Quiet Hours: A Collection of Poems. Second Series ... (Google eBook)

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Roberts Brothers, 1880 - American poetry - 223 pages
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Page 210 - Thou little Child, yet glorious in the might Of heaven-born freedom on thy being's height, Why with such earnest pains dost thou provoke The years to bring the inevitable yoke, Thus blindly with thy blessedness at strife ? Full soon thy Soul shall have her earthly freight, And custom lie upon thee with a weight, Heavy as frost, and deep almost as life...
Page 92 - How soon hath Time, the subtle thief of youth, Stolen on his wing my three-and-twentieth year ! My hasting days fly on with full career, But my late spring no bud or blossom shew'th.
Page 201 - EARTH has not anything to show more fair: Dull would he be of soul who could pass by A sight so touching in its majesty: This City now doth, like a garment, wear The beauty of the morning; silent, bare, Ships, towers, domes, theatres and temples lie Open unto the fields, and to the sky; All bright and glittering in the smokeless air.
Page 94 - OF THE HAPPY WARRIOR. WHO is the happy Warrior ? Who is he That every Man in arms should wish to be ? It is the generous Spirit, who, when brought Among the tasks of real life, hath wrought Upon the plan that pleased his childish thought : Whose high endeavours are an inward light That makes the path before him always bright...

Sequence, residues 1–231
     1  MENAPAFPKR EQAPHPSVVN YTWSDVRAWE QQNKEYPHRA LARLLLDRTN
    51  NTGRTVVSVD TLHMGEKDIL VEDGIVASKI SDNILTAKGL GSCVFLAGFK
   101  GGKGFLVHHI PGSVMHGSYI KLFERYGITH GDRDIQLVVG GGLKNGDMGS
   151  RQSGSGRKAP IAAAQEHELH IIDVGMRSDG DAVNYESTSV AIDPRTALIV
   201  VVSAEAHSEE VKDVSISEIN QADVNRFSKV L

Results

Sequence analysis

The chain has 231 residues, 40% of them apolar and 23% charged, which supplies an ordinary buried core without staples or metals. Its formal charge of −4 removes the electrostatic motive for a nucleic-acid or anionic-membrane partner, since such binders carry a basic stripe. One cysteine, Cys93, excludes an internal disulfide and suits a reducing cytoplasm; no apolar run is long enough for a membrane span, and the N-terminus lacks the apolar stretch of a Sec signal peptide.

Page 205 - The rainbow comes and goes, And lovely is the rose; The moon doth with delight Look round her when the heavens are bare; Waters on a starry night Are beautiful and fair; The sunshine is a glorious birth; But yet I know, where'er I go, That there hath past away a glory from the earth.
Page 207 - Heaven lies about us in our infancy! Shades of the prison-house begin to close Upon the growing Boy, But He beholds the light, and whence it flows, He sees it in his joy; The Youth, who daily farther from the east Must travel, still is Nature's Priest, And by the vision splendid Is on his way attended; At length the Man perceives it die away, And fade into the light of common day.
Page 210 - But for those obstinate questionings Of sense and outward things, Fallings from us, vanishings ; Blank misgivings of a creature Moving about in worlds not realized, High instincts before which our mortal nature Did tremble like a guilty thing surprised...
Page 209 - Thou, whose exterior semblance doth belie Thy Soul's immensity ; Thou best Philosopher, who yet dost keep Thy heritage, thou Eye among the blind, That, deaf and silent, read'st the eternal deep, Haunted for ever by the eternal mind,@ Mighty Prophet! Seer blest! On whom those truths do rest, Which we are toiling all our lives to find, In darkness lost, the darkness of the grave...
Page 3 - I would give utterance in numerous verse. Of Truth, of Grandeur, Beauty, Love, and Hope, And melancholy Fear subdued by Faith ; Of blessed consolations in distress ; Of moral strength, and intellectual Power ; Of joy in widest commonalty spread...
Page 9 - It is a beauteous evening, calm and free, The holy time is quiet as a Nun Breathless with adoration; the broad sun Is sinking down in its tranquillity; The gentleness of heaven broods o'er the Sea: Listen!

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